Anthony Horowitz – Moriarty

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Initial delight soured : unbelievable gore sequence, and too much manipulation

MoriartyFor around three quarters of Horowitz’s second `Sherlock Holmes’ I was most enjoyably surrendered to this splendid `Holmesian in style but without the great man or his biographer’ book, as Horowitz pairs a self-created Holmes disciple, Inspector Athelney Jones, from Scotland Yard, with a `Pinkerton’s man’, Frederick Chase, and the two, meeting at the Reichenbach Falls, join forces in an investigation to track down a new American master criminal, Clarence Devereux.

The Reichenbach Falls are where Holmes allegedly fell to his death, along with his arch-enemy, Moriarty, the Napoleon of Crime. As the legion of fans of Conan Doyle’s stories know, Doyle killed off his too successful consulting detective, but later was forced to bring him back.

Horowitz starts by pleasurably playing with the reader’s sensibilities, as Chase, the American, picks holes in what happened at Reichenbach, throwing doubt on the actions of both Holmes and Watson. Something, he concludes, is not quite right. Jones, a detective who appears, bumblingly, in one of Holmes’ investigations, had lionised and hero-worshipped the great detective, and has studied ferociously to develop his own abilities, and now models himself on his dead hero. Chase, a more plodding, less flamboyant character, is willing to assume the mantle of Jones’ trusty Watson, as the two begin an investigation into the revelation that the mysterious American criminal Devereux was involved in joining forces with Moriarty to set up a global network of evil doing. And Chase as narrator, like Watson, tells a tale well.

Horowitz is brilliant at setting time, place, and cast of believable characters. Though there is certainly more graphic depiction of violence than personally I can take in fiction, as there is a taint of the gratuitous: violence as entertainment, I went happily along for the ride, appreciating Horowitz’ sly humour as he lobs Sherlockian history, characters and references into his thoroughly absorbing crime novel, steeped in the darkness of the Victorian underworld, and the valiant efforts of those who seek to fight the darkness

And then…………….about three quarters of the way through there is an absolute ratchet up of violence, and in a manner which is both horrible, gratuitous, and highly overdone. Reminding me of nothing so much as bad movies where the slamming and the pounding and the multiplicity of firepower and the like are of ridiculous proportions, unrealistic and in the end clumsy, lacking trust in the audience. Credibility as well as finesse is lost. At this point, my five star rating had fallen away.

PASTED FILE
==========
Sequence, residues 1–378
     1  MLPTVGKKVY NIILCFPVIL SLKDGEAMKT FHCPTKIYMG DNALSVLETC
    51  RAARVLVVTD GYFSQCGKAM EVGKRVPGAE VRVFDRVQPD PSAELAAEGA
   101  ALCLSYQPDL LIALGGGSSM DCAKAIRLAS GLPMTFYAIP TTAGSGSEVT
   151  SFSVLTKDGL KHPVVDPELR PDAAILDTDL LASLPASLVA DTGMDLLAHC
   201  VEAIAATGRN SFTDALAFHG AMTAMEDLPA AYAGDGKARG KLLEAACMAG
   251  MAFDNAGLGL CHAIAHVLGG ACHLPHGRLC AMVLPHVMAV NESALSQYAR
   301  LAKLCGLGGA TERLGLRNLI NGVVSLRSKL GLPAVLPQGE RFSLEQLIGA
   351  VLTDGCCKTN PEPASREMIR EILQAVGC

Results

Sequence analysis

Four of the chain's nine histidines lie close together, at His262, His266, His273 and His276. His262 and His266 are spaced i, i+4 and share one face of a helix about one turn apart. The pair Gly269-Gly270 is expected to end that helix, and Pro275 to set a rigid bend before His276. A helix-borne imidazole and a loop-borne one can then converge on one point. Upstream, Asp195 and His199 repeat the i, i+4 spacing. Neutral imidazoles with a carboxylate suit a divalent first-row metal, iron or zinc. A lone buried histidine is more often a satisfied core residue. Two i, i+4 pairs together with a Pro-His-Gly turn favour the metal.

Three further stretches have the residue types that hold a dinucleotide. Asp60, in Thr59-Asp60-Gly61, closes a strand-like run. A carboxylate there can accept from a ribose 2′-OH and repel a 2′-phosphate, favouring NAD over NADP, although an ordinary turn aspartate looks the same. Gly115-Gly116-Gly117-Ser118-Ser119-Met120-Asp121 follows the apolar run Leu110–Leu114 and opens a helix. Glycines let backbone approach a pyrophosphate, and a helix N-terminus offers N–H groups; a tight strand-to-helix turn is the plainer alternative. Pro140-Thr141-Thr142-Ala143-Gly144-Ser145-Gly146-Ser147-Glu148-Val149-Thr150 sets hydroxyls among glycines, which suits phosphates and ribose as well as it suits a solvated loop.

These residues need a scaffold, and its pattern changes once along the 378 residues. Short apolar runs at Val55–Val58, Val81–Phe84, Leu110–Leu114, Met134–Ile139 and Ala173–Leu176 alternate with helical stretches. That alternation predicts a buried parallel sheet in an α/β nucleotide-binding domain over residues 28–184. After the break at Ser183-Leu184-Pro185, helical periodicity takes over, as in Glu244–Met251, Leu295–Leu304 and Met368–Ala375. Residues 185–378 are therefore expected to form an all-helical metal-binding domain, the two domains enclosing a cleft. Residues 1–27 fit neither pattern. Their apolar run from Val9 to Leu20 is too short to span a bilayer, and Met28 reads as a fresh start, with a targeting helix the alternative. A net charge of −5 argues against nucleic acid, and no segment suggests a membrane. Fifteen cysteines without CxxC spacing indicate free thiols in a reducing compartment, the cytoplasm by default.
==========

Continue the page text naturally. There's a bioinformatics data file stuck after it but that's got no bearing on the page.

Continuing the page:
And then the author becomes very audacious indeed. Far too much so, I believed; the cardinal crime of over-manipulation of character to force plot, shattering credibility, cheap tricks.

Except.

There is a relentless and detailed exposition of what has happened, and the reader is argued and browbeaten  into some sort of surrender. But, at least for me, the undoubted authorial cleverness has come at the cost of belief and involvement with the characters. I was left with the feeling that as the `trick’ and the whole thing, is, after all, only a fiction, in the end, it doesn’t much matter. WHAT doesn’t much matter can’t be revealed, for fear of spoilers.

This book is clearly dividing readers. I’m one of the ones who was hugely impressed by The House of Silk, and its authenticity to the style, and far less so with this.  Of course, in dispensing with Holmes and Watson, there is no need to retain the restraint, the humour, the charm of the original, but because Horowitz so firmly kept our awareness of all of that alive in the early part of the book, the fall away from that restraint, humour and charm left me only able to grudgingly say `yes, the author himself has been marvellously clever’  but I had no feeling of delight in the cleverness.

3 ½ stars. Probably having just finished the book, the overwhelming feeling is of let down, making it `okay’ only, maybe waiting before posting will give me more of a sense of my earlier appreciation, enough to, just, lift the book to a like.

And in the end, that is what happened, but in some ways its more for the fact that what for me are serious flaws provoked me into reflection about the whole ‘trick’ and unreality of fiction.

We know that a novel is a work of imagination, or at least is a subjective interpretation, and that the skilful author, like the skilful actor, is making us believe in their reality. And we WANT to be delighted by the author’s skill. It’s like a stage magician, we know we are being manipulated, and enter willingly into the manipulation. And some authors take great pains to keep us reminded, in a novel’s version of Brechtian alienation, that ‘this is not real’, it is a fiction.

Perhaps crime writing is closest to what the magician does – either the clues are there but our attention was diverted elsewhere, and eventually we might have the trick explained – that is what Sherlock Holmes does, or we as readers may also be working out the solution as we go along. And we might be delighted to have had our attention diverted, or we might just feel conned. I think there might be some sort of nebulous sense of what is fair play, whether in a novel or in a stage act. I’m stumblingly coming to the conclusion that there is an investment readers make with well crafted characters in a book, and that that investment, and the characters, need judicious handling by a writer.